Community and place are the central focus of Home is where the heat is: studio artist’s exhibition. Held at Canberra Glassworks, the exhibition celebrates this multi-functional centre’s 10th anniversary. Current and former studio residents, staff, students, volunteers and tutors have been invited to create work site-specific to the heritage Kingston Powerhouse building in which Canberra Glassworks is situated.
“Home is a very loaded word that can mean many things to different people: warmth, love, shelter, haven, and personal space to name a few,” says curator Jane Cush. “For Home is where the heat is I asked artists to respond to Canberra Glassworks, a place that is very familiar to them; one where they spend much of their waking time.”
The exhibition will be presented throughout the building, including areas usually closed to visitors.
While the title refers to heat as a vital element of glass making, certain works engage with light within particular pockets of the building, which is absorbed and refracted by the material quality of glass.
Several artists directly respond to the layered history of the site. Jenni Kemarre Martiniello has created glass vessels that contain lyrical renditions of grass fields in rich green and red tones. Her work refers to the former wetlands of the site which were fertile grounds for the Ngunnawal people. David Paterson is exhibiting a glass negative photograph owned by his father. Taken by Sydney Noble Edwards in the early 1920s it depicts the Kingston Powerhouse dwarfed by the then sparse open environment. Also alluding to the history of the site, in this case farming, John White has created delicate glass hay bales. Elsewhere, Simon Maberley, Sophia Emmett and Ngaio Fitzpatrick draw attention to the environmental implication of the former powerhouse and the continuing use of coal powered electricity in Australia.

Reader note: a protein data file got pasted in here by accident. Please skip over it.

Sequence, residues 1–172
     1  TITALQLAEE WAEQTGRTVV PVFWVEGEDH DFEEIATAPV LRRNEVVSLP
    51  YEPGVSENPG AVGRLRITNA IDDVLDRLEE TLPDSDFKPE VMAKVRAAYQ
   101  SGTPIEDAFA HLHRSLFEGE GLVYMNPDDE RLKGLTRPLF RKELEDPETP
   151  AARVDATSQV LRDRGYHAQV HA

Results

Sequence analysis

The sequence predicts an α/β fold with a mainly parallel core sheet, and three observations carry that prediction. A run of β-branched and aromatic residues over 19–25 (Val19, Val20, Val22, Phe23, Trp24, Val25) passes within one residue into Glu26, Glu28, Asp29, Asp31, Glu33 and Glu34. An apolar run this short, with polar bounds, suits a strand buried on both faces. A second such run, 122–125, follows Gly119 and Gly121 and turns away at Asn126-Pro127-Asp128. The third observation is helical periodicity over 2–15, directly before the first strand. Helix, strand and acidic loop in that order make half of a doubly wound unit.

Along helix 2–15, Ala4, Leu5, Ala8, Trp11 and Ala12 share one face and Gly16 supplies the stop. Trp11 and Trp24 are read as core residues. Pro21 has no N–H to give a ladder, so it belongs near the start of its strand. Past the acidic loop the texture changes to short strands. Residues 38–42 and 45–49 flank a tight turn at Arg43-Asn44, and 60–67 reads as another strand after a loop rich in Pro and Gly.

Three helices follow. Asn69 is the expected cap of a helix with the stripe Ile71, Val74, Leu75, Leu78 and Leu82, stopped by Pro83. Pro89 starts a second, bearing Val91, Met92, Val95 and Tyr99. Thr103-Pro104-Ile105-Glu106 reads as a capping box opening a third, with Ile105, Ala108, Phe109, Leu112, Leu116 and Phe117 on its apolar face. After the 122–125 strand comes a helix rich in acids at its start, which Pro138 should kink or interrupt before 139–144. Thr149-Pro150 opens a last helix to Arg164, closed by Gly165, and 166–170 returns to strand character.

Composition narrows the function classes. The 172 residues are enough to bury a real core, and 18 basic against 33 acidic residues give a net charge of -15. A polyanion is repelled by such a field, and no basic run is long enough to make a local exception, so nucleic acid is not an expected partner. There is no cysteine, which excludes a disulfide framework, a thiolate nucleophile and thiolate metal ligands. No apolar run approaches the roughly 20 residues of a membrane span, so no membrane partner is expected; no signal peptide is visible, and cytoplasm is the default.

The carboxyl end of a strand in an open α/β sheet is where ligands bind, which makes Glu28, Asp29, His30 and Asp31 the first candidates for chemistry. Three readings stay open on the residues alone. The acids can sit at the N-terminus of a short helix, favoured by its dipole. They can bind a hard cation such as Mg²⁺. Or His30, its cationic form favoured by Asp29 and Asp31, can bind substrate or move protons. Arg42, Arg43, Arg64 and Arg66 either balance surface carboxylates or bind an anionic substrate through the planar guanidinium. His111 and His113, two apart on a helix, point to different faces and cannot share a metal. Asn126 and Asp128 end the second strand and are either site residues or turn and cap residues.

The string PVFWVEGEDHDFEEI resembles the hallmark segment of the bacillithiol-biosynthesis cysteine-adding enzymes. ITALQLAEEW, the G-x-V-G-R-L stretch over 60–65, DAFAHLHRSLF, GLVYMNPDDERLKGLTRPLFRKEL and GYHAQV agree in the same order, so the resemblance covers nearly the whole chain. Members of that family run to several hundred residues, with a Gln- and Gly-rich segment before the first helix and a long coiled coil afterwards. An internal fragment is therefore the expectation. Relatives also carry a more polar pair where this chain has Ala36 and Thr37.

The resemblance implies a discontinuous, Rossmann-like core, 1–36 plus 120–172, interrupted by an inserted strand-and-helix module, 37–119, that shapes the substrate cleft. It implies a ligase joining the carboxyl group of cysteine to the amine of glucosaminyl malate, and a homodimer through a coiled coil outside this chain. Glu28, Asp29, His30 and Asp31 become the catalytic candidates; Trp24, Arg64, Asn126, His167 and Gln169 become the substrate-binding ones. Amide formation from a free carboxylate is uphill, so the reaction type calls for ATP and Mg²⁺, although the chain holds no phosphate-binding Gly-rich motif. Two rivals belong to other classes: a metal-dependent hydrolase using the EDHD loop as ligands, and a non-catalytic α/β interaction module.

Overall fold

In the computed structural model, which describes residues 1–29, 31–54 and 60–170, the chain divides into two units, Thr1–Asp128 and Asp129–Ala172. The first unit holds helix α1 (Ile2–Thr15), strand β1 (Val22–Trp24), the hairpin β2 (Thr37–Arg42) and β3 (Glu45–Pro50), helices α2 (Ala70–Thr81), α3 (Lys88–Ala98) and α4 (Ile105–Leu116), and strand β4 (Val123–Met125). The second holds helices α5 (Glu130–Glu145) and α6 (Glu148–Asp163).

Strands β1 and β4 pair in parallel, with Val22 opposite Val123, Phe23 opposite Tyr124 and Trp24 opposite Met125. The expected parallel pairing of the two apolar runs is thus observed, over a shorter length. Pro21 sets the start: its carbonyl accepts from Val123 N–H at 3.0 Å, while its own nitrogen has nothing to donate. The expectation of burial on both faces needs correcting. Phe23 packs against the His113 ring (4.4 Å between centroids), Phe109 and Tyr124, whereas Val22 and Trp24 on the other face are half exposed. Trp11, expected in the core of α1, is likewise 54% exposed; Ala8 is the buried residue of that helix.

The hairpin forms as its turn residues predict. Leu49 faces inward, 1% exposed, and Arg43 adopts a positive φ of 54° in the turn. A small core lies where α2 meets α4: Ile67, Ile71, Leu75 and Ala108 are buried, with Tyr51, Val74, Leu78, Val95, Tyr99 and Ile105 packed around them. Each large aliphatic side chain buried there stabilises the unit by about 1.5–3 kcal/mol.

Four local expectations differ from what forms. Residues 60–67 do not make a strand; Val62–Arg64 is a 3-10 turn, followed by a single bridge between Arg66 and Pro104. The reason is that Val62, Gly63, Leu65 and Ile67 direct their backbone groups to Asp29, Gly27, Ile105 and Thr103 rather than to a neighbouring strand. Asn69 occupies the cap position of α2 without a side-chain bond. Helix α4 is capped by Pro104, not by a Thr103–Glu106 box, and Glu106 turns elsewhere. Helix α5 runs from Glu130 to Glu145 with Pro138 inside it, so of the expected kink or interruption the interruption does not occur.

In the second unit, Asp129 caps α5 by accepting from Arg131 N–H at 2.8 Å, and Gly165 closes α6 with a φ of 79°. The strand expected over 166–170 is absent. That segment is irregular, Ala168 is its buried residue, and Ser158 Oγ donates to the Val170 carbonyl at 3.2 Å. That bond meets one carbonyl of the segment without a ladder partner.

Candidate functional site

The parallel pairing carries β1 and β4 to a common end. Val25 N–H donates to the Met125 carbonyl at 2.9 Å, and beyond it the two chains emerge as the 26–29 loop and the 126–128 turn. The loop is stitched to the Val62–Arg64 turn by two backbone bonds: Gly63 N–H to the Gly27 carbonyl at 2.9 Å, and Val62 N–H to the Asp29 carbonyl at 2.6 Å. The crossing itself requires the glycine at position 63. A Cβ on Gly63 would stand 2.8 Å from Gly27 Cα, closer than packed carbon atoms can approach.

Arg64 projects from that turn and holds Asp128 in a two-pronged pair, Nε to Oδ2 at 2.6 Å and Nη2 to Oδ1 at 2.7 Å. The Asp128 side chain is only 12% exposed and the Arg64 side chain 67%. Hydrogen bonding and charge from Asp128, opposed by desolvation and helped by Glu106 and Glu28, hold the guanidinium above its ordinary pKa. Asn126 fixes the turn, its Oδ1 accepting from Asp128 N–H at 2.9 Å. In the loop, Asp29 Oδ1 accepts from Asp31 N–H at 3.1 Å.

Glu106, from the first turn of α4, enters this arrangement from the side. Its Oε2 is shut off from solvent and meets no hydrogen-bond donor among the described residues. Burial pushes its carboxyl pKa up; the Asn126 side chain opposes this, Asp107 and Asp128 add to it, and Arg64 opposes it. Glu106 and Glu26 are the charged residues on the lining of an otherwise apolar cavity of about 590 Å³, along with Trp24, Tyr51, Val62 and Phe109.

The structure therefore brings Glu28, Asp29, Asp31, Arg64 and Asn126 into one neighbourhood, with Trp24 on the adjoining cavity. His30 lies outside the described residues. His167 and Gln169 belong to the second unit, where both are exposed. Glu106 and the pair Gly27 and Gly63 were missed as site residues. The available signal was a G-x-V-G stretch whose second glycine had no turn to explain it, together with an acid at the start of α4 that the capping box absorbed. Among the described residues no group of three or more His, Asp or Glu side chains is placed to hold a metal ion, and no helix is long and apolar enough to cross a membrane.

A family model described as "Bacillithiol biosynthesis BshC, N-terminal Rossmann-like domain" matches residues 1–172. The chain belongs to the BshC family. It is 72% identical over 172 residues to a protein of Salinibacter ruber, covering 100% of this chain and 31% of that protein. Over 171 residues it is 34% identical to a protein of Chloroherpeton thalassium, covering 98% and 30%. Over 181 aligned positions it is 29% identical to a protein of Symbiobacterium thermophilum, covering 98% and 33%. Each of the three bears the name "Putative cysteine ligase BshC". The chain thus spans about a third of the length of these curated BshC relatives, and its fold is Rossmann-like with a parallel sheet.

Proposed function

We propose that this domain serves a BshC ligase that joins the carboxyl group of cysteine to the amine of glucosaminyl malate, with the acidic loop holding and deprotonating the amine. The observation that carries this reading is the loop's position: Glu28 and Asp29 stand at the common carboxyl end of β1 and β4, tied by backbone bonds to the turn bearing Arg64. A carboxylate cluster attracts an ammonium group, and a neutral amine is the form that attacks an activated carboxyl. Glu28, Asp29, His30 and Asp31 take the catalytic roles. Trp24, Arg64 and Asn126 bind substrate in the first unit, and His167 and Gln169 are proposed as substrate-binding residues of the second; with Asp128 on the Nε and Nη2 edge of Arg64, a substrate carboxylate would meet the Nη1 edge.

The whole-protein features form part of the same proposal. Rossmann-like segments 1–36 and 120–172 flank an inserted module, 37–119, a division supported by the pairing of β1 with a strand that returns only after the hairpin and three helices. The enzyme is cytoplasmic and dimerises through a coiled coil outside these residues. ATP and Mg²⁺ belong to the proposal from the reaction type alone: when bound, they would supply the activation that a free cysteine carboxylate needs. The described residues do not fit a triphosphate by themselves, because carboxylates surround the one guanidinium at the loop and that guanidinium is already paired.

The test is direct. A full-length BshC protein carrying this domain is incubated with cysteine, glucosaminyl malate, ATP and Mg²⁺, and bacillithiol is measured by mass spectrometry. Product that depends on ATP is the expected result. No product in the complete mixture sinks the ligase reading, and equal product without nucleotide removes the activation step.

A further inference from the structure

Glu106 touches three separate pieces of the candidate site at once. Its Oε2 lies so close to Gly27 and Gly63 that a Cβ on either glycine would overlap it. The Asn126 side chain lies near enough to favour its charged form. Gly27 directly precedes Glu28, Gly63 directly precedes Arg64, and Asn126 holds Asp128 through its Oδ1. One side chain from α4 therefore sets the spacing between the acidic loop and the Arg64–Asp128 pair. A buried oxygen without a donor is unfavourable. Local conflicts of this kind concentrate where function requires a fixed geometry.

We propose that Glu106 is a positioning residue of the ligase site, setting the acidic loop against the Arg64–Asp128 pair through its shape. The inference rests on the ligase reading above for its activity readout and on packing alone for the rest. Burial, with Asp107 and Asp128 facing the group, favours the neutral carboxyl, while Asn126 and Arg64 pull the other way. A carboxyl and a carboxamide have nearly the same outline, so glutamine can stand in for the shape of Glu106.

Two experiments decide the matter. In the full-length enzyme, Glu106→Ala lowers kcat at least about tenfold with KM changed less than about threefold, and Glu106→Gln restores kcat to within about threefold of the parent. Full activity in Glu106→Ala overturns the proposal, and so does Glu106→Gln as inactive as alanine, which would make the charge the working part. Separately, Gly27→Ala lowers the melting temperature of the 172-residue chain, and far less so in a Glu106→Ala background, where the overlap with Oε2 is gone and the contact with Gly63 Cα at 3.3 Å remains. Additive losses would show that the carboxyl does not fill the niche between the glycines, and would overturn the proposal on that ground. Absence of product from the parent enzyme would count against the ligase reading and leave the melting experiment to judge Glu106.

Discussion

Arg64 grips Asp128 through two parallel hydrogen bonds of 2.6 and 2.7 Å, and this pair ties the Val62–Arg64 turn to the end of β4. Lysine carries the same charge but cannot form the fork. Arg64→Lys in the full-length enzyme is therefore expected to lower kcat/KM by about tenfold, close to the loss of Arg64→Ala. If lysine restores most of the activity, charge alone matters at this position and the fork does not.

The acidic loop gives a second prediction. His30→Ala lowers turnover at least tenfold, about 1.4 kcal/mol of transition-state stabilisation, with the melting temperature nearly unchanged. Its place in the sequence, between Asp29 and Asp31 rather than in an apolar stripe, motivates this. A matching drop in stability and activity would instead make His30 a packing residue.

A section within Home is where the heat is, curated by Meagan Jones, concentrates on emerging glass artists. In the Canberra Glassworks Engine Room she will present pieces she made with Louis Grant, as well as work by Rose-Mary Faulkner, Lucy Palmer, Nick Adams, and Emeirely Nucifora-Ryan. Palmer has made minimalist sculptures that she calls ‘sky wedges’ whose hues allude to the Canberra sky, while Nick Adams executes a modern take on the ancient murrini process by referencing early video game graphics.
Historical tours will be running 11am on Wednesdays, Thursdays, Fridays, and Saturdays for the duration of the exhibition. On 10 November Torchlight Tours will run hourly, 6pm to 9pm.
Home is where the heat is: studio artist’s exhibition
26 October – 14 January 2018